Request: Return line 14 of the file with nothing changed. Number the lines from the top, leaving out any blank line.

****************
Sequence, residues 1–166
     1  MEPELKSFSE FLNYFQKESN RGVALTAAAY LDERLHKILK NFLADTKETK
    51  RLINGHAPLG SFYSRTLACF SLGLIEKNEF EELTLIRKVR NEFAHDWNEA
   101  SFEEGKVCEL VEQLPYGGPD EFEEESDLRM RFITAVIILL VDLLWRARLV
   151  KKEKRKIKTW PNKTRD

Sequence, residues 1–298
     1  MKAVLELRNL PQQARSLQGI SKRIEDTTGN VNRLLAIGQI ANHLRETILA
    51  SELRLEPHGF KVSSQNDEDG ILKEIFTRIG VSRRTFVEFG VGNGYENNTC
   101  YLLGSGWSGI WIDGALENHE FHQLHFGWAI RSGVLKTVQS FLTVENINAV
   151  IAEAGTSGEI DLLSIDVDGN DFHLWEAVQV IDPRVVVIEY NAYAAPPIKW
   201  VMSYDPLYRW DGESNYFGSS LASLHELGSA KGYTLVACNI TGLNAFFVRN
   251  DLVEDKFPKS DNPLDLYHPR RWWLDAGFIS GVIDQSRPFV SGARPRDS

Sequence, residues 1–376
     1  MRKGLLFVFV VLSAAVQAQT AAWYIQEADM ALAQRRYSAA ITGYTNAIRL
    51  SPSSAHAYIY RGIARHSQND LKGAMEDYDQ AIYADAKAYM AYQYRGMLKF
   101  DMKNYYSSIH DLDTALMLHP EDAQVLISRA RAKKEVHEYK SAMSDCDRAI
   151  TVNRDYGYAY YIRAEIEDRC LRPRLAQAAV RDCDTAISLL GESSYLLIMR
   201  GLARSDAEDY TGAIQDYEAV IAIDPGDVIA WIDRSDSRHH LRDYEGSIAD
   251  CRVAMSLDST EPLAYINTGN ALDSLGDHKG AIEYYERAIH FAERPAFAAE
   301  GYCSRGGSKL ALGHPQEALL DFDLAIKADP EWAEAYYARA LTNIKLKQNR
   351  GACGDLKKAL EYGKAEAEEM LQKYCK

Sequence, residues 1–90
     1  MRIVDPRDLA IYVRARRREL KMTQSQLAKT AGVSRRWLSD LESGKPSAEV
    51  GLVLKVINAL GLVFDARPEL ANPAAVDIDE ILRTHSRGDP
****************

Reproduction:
     1  MRKGLLFVFV VLSAAVQAQT AAWYIQEADM ALAQRRYSAA ITGYTNAIRL